OPTION 3

FEMA 356 Beams

6.4.1.2

Columns

Walls (uncr.)

Walls (cracked)

OPTION 4

Ma = My

Beams

Columns

Core Walls

OPTION 5

Ma = actual Beams

Max. Code Columns

EQ Moment Core Walls

Comparison of Approaches

Comparison of maximum inelastic DBE response

displacements (M) determined using the UBC approach

of scaling up the elastically determined design level

response displacements (S) to the corresponding

maximum inelastic response displacements determined

directly by non-linear analysis indicates that the linear

approaches (options 1 thru 5) yield relatively

conservative displacements when compared to the more

accurate non-linearly determined inelastic

displacements.

It is felt, hence, that in the case of the St. Regis Museum

Tower project, there would have been reasonable

justification for the use of effective stiffness properties

based on the approach of option 5, which employs a

rational method based on the use of actual maximum

design level response moments to estimate effective

member stiffness

Non-linear Time-history Analysis

(Analysis results shown for Kocaeli 180 Degrees)

properties. Similar rational approaches could be used on

other structures, although judgment would have to be

exercised by the designer in selecting a suitable

approach that lies within the bounds of options 4 and 5

for instance considering the beneficial effects of axial

loads on the value of Mcr as in the case of option 5 if a

lower degree of conservatism is desired. Use of such an

approach could result in larger effective section

properties, smaller and less conservative / overestimated

drifts and therefore better optimized, efficient and cost

effective structures

40

36

32

28

24

20

16

12

8

4

0

40

36

32

28

24

20

16

12

8

4

0

0

0.25

0.5

0.75

0.25

0.5

0.75

40

36

32

28

24

20

16

12

8

4

0

40

36

32

28

24

20

16

12

8

4

0

0

0.25

0.5

0.75

0.25

0.5

0.75

40

36

32

28

24

20

16

12

8

4

0

40

36

32

28

24

20

16

12

8

4

0

0

0.25

0.5

0.75

0.25

0.5

0.75

45

40

35

30

25

20

Option 1

Option 2

Option 3

Option 4

Option 5

15

10

5

(Stories vs. Normalized Displacement)

Values based on Non-linear T.H. Analysis

Zones

Beams

Columns

Core Wall

Exterior Interior

Zone 1a

1.0 EIg

0.54 EIg

Zone 1b

1.0 EIg

0.54 EIg

Zone 2

1.0 EIg

0.51 EIg

Zone 3

0.38 EIg

Zone 4

0.94 EIg

Conclusion

In drift controlled high-rise structures with lateral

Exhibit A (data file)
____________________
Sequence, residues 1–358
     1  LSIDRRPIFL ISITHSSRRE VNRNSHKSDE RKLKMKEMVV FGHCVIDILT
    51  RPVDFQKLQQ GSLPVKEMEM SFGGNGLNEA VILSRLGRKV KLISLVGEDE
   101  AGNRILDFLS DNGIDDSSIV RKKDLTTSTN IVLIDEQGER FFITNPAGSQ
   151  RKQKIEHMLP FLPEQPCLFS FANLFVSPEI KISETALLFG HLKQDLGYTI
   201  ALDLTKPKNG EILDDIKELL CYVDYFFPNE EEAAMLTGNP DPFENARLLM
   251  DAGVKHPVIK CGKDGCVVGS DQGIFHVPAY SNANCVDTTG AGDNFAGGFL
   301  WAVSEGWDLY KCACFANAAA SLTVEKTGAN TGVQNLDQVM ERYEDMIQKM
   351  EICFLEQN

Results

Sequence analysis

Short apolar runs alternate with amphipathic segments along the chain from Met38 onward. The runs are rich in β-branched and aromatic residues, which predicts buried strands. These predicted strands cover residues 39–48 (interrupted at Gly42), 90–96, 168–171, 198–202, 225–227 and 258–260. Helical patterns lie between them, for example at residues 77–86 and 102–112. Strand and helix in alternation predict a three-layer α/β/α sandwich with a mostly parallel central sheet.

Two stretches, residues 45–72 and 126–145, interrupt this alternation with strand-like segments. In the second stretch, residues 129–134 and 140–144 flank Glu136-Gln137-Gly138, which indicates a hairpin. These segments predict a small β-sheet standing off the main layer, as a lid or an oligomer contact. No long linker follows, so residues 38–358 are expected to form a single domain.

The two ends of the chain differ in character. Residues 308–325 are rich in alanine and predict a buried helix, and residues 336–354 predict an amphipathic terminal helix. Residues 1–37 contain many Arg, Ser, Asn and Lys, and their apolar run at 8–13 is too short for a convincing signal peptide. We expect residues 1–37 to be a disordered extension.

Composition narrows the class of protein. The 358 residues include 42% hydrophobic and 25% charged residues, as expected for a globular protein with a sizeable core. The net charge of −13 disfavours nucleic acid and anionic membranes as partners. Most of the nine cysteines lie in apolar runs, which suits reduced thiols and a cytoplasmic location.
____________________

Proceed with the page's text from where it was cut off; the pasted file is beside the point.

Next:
systems that include shear walls, seismic displacements

are highly sensitive to effective stiffness property

assumptions made, particularly for the walls. A number

of relatively simple recommendations contained in codes

and references, often inconsistent, yield relatively

conservative results, causing structures to require

needless amounts of costly stiffening.

Economy can be effected by performing non-linear

analyses on these buildings to minimize the amount of

conservatism, but these analyses can be very complex,

time consuming and expensive to perform.

A simpler, rational, elastic approach for estimating

effective section properties as described in this paper

(option 5) can be judiciously used to more accurately

estimate displacements and drifts, reducing overconservatism and therefore permitting the design of

more efficient, better optimized and less expensive

structures.

References

ICBO, 1997, Uniform Building Code, Structural

Engineering Provisions, Vol. 2, 1997 edition,

International Conference of Building Officials, Whittier,

California.

FEMA 356, 2000, Prestandard and Commentary for the

Seismic Rehabilitation of Buildings, November 2000,

Federal Emergency Management Agency (FEMA),

Washington, D.C.

SEAOC, 1999 (Blue Book), Recommended Lateral

Force Requirements and Commentary, 1999 Seventh

Edition, Seismology Committee, Structural Engineers

Association of California, California.

ACI 318-99, 1999, Building Code Requirements for

Structural Concrete and Commentary, 1999 Edition,

American Concrete Institute, Farmington Hills,

Michigan.

Treadwell & Rollo, Inc., Ground Motion Time Histories

for the St. Regis Museum Tower Project, January 2001,

San Francisco, California.

SAP2000 NL V.8.2.5, 2003, Structural Analysis

Program SAP2000 Nonlinear, Version 8.2.5, Computers

and Structures, Inc, Berkeley, California.

Clough, R. W., Penzien, J., 1993, Multi Degree of

Freedom Systems, Dynamics of Structures, 1993

Second Edition.

Park, R., Paulay, T., 1975, Reinforced Concrete

Structures, New Zealand.